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Teresa Heinz Kerry’s condition improves

Secretary of State’s wife had seizure; doctors seek cause

Teresa Heinz Kerry has had a battery of tests.

Bill Greene/Globe Staff/File

Teresa Heinz Kerry has had a battery of tests.

Doctors at Massachusetts General Hospital on Monday upgraded the condition of Teresa Heinz Kerry from critical to fair, as they sought to determine what caused the leading philanthropist and wife of Secretary of State John F. Kerry to suffer a seizure Sunday at the family’s Nantucket home.

Heinz Kerry was rushed to Nantucket Cottage Hospital on Sunday afternoon, where she was stabilized before being transferred to Boston for a battery of tests that continued through Monday, according to several people close to the family.

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“She is undergoing further evaluation, and Secretary of State John Kerry, her son, and other family members remain with Mrs. Heinz Kerry at the hospital in Boston, as they have been since she became ill,” said Glen Johnson, a spokesman for her husband.

He declined to discuss further details of Heinz Kerry’s condition or her activities over the Fourth of July holiday, which the family spent at their beachfront home, where the former Massachusetts senator keeps his yacht.

NBC News, quoting an unnamed medical source who treated her, reported Monday that Heinz Kerry had been afflicted by a “grand mal seizure’’ and that she had been breathing with the assistance of a respirator. Two people familiar with the situation but who were not authorized to speak publicly confirmed to the Globe that she had had a seizure but did not offer any further details.

Her hospitalization has prompted an outpouring of support, in the form of phone calls and messages from President Obama, Michelle Obama, and a string of foreign diplomats, according to aides.

“The family is touched by the outpouring of well wishes,” Johnson said in a prepared statement.

In addition to messages from Washington and Massachusetts, support came from Pittsburgh and Western Pennsylvania, where Heinz Kerry oversees the charitable Heinz Endowments.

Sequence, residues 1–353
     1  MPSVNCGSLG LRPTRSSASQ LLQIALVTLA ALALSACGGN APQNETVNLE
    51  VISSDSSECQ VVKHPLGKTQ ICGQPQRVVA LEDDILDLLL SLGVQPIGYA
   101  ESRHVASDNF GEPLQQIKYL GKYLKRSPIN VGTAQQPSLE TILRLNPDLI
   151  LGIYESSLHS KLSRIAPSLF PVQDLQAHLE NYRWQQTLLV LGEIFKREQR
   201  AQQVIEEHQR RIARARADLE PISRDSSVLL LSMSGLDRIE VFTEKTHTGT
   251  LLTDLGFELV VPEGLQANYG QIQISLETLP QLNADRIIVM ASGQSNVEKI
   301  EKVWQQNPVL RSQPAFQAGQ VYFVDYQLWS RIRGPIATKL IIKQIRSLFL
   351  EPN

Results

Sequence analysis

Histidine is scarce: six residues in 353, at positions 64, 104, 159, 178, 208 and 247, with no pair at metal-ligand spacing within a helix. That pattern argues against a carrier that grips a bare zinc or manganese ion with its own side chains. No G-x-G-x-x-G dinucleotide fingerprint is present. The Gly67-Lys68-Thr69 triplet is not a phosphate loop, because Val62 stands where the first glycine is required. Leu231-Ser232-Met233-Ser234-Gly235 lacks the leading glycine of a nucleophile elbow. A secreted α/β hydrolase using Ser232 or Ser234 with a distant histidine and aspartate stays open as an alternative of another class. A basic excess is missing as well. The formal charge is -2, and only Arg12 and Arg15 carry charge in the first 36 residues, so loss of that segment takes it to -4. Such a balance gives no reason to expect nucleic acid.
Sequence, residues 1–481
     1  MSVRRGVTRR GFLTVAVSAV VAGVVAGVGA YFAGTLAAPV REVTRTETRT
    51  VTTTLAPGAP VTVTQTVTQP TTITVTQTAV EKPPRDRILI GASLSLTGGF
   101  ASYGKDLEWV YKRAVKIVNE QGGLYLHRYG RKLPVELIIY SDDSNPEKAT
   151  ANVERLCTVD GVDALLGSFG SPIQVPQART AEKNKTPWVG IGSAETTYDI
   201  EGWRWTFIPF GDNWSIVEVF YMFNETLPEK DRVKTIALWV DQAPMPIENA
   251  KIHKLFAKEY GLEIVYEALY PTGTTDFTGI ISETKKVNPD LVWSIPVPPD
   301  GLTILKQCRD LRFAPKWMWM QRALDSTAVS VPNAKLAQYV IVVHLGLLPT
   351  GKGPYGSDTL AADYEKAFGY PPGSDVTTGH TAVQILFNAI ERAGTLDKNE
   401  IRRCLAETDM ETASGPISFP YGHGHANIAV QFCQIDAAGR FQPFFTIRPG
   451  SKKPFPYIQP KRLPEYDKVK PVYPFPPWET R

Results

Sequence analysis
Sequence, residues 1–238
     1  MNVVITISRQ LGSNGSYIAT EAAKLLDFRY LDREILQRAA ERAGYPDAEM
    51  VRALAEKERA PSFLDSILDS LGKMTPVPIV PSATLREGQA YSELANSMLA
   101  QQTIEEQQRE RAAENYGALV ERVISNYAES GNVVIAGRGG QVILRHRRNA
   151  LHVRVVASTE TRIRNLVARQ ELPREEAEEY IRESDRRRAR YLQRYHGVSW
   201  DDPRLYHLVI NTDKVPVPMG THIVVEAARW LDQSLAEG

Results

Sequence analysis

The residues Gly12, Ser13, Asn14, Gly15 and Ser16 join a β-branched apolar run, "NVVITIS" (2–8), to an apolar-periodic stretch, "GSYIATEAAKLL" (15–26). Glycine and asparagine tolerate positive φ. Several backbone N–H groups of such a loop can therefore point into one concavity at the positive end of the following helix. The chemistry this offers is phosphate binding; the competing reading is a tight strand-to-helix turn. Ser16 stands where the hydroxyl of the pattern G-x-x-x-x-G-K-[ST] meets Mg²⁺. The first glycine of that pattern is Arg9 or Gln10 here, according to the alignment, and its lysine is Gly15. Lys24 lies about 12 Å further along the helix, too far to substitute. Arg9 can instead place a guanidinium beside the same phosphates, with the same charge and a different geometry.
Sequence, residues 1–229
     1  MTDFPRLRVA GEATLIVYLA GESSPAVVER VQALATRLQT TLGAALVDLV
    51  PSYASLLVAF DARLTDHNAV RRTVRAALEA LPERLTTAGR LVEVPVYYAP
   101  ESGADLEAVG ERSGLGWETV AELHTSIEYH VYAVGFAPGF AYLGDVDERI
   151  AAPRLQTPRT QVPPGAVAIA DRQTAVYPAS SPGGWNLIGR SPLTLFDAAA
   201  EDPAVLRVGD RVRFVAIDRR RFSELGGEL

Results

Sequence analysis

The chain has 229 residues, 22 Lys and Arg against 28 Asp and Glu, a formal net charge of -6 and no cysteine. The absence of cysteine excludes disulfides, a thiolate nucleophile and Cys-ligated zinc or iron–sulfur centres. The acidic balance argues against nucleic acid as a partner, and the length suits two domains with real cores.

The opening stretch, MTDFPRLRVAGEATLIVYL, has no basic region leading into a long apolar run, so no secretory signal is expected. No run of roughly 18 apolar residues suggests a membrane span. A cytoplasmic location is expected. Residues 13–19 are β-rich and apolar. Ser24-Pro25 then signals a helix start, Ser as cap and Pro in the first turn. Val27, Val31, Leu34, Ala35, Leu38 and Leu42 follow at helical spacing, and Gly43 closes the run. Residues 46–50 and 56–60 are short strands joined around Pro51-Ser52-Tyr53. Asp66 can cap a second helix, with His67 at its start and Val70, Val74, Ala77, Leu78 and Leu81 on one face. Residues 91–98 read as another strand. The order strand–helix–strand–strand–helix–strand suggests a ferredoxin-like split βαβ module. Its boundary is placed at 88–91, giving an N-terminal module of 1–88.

While the endowments support causes across the globe, Heinz Kerry has focused much of her philanthropic efforts on helping the neediest and advancing the arts in her adopted home.

She moved to Pennsylvania in 1966 after she married her first husband, H. John Heinz III, the late Republican US senator who was killed in a plane crash in 1991.

John Heinz was great-grandson of the founder of the food conglomerate that bears the family name.

Through the Heinz charitable foundations, Heinz Kerry has been a benefactor of Pittsburgh’s ballet and sculpture gardens. She played a critical role in revitalizing the Pittsburgh riverfront and supporting the University of Pittsburgh.

At 74, Heinz Kerry’s pace has slowed some in recent years, particularly since she suffered from breast cancer in 2009 that required surgery and radiation treatments.

Heinz Kerry has also recently fulfilled some diplomatic duties on behalf of her husband, including attending the 90th birthday celebration for former secretary of state Henry Kissinger last month in New York, and sitting next to Great Britain’s Prince Harry at an event hosted by the British embassy in Washington in May.

As for trips with her husband, she has recently traveled with him to London, Istanbul, and Jerusalem.

She went to Nantucket early on July 3 with Kerry after he returned from an overseas trip. During the holiday break, various members of the family visited the vacation home on Hulbert Avenue.

Seizures — a misfiring of electrical activity sometimes affecting the whole brain and sometimes just a small part — can take several forms. The most recognizable sign is the shaking or thrashing of arms or legs, typical of a full-body or grand mal seizure. Some people faint or experience shaking in just one limb.

Other symptoms can include a loss of consciousness or a change in mental state, causing a person to “go blank” or become unresponsive, said Dr. Joshua Goldstein, director of the Center for Neurologic Emergencies at Massachusetts General, who was not involved in Heinz Kerry’s care and spoke only generally about seizures.

There are various causes of a seizure. Among them are brain infections and meningitis, or swelling of the brain. Metabolic abnormalities caused by dehydration can cause a seizure in someone who is otherwise healthy, while strokes or traumatic brain injuries also can lead to seizures. Brain tumors can be another cause.

The brain requires “such a complex network of signals firing all the time, that only the littlest thing can throw it off,” Goldstein said.

Secretary Kerry remained by his wife’s side Monday and aides said it was unclear how her ailment would affect his schedule in the coming days.

“He’s obviously concerned about the well-being of his wife, but comforted by the sound medical care she’s received,’’ Johnson said.

Chelsea Conaboy and Noah Bierman of the Globe staff contributed to this report. Bryan Bender can be reached at bender@globe.com. Follow him on Twitter @GlobeBender
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